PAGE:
Teen Book Review: Life As We Knew It

Life As We Knew It

Life As We Knew It by Susan Beth Pfeffer

Life As We Knew It is most certainly a page-turner! Its storyline is one that has been very popular lately: There is a catastrophic event and the world changes forever. We see this over and over again today in Zombie lore, books like The Road, and movies like The Day After Tomorrow. It addresses questions such as “What would people do in this situation?” or “How would humanity cope?” Ultimately, it is a book about familial love and survival.

In the book, a meteor hits the moon and moves it closer in orbit to the earth. This change throws off all the tides and shifting of the earth’s crust leading to widespread volcanic eruptions, earthquakes, and tsunamis. Plus, with electricity soon gone, people must figure out food, water, and heating. Many people move, many others die of sickness and starvation. There are no more policemen to enforce citizens’ protection, and schools struggle to stay open. As winter hits with a fury, people must hope they have enough wood and food to make it through.

Characters (Spoilers Included FYI):

The main character, Miranda, is a teenage girl struggling with relatable issues for teenagers and selfish tantrums most parents of teenagers have witnessed. I found that she grew a bit annoying at times, but I also thought that about Katniss in the Hunger Games. If anything, that makes the main characters more human, relatable, and at the end of the day . . . a teenager!

Miranda’s parents are divorced and she lives primarily with her mother, younger brother Jon, and older brother Matt. Her father and his new, expectant wife play a role in her life, but in the story they end up packing up and driving West, so their interactions are limited (at least until the sequel, I am told). Miranda’s mother is a writer. She is a strong, organized, loving mother. She has her moments of angry outbursts, like her daughter. But considering the stress and turmoil they are facing, she handles the hardships like a true leader and protector of her family.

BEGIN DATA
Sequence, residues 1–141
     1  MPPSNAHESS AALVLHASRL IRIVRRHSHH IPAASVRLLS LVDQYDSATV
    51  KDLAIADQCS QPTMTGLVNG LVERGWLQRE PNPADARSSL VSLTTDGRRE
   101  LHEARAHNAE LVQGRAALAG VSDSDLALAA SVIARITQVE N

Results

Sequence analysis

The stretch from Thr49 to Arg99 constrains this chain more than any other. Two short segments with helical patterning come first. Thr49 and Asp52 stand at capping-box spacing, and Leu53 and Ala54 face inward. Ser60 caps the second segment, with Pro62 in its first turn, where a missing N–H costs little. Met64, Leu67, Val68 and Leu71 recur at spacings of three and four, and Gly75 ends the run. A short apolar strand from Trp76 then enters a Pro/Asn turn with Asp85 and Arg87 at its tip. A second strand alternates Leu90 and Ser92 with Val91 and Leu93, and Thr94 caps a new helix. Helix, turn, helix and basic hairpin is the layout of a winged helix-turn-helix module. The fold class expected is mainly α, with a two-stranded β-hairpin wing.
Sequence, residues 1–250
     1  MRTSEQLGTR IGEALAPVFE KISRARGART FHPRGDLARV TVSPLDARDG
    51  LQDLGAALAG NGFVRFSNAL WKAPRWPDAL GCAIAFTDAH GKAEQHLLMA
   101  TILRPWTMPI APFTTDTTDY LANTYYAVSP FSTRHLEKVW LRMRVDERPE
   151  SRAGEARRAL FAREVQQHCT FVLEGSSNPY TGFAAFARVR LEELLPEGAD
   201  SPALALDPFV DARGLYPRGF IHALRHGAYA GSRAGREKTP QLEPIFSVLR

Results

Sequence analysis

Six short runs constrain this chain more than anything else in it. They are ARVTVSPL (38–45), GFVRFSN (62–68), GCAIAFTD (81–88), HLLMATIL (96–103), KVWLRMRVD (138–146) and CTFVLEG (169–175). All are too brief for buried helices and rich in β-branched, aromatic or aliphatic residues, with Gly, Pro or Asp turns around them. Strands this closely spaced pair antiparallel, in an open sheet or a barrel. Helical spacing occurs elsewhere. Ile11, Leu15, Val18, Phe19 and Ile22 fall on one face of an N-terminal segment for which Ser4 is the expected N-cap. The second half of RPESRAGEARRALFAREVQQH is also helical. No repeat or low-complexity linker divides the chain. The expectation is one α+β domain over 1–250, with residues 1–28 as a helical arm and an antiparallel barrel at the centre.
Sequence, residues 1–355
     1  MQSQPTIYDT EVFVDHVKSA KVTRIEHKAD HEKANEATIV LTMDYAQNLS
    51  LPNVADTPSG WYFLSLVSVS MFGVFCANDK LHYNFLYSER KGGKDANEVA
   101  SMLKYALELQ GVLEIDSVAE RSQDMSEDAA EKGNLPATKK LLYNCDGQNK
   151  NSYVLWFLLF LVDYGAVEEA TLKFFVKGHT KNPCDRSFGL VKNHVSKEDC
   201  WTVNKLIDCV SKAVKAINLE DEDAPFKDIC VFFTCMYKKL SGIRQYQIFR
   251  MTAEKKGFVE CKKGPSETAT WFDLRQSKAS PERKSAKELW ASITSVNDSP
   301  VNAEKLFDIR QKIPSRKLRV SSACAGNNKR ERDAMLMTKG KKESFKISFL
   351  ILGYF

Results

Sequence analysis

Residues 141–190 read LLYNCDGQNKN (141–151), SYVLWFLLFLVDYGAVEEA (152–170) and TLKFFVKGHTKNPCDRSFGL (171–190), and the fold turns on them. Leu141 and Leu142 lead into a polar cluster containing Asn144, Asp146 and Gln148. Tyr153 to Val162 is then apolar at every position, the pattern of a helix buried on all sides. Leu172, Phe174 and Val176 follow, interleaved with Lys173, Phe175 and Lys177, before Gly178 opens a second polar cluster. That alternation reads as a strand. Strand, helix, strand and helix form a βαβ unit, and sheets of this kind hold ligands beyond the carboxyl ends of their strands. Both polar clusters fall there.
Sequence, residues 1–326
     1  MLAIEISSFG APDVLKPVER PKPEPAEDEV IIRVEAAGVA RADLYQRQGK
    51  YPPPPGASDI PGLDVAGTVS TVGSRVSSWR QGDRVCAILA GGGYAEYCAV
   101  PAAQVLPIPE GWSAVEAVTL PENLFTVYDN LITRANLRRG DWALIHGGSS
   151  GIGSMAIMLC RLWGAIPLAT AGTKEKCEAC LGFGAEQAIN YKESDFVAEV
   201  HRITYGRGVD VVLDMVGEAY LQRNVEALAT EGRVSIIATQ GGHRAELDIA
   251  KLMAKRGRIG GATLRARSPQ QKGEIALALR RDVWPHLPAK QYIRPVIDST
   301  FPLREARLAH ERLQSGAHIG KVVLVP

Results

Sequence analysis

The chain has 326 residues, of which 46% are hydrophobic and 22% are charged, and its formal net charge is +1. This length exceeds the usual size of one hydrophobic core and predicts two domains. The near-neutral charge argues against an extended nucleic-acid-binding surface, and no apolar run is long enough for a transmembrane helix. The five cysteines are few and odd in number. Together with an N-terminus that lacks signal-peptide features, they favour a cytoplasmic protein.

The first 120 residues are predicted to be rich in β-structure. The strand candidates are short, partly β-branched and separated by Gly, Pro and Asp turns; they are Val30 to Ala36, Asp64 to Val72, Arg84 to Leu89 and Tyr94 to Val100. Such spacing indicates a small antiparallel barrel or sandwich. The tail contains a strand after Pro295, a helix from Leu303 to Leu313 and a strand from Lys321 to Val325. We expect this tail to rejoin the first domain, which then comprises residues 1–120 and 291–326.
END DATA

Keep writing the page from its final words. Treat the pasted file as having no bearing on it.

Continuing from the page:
Miranda’s brother Jon is the youngest, most fit, and healthiest. They work hard to keep him that way. While the family goes without food, they always try to let Jon eat more. Matt is a great comfort to his mom and siblings. He is insightful, smart, strong, and hardworking. In many ways, he steps up and fills the gap left by their father. Throughout the novel, it is evident that Miranda admires Matt and feels safer when he is around.

Outside of the family, there is only a handful of characters: their neighbor Mrs. Nesbitt, her mother’s boyfriend Peter, Miranda’s boyfriend Dan, and her friends Sammi and Megan. Mrs. Nesbitt is considered family by them because she has always been a part of their lives. They look out for her until she dies quietly in her sleep. Peter is a doctor and he does his best to look out for their family (his daughters died when the moon moved in and caused disaster). However, the hospital is flooded with patients, and he can rarely get away. Eventually, he dies of the flu in the hospital. Miranda only “dates” Dan for a short while. They skate together and sneak into the woods to kiss. It is a short relationship. His family buys him a motorcycle and insists he move South.

Miranda’s friends Sammi and Megan are polar opposites and both struggling with extremes that frustrate Miranda. Since their mutual friend died of sickness before all the disasters started, they have grown apart. Sammi is always dating a new guy and flaunting it. She is also known for sleeping around. She ends up leaving town with a middle-aged man who helps her family and promises her a better life. It is all kind of funky, and it is implied that he is also gaining “something” in return. Megan becomes an “extreme Christian,” the cultish kind that say and do crazy things and give Christians a bad name. She, and many others, are essentially brainwashed by their pastor. She goes down a dark path starving herself “for Jesus” and when she dies, her mother commits suicide.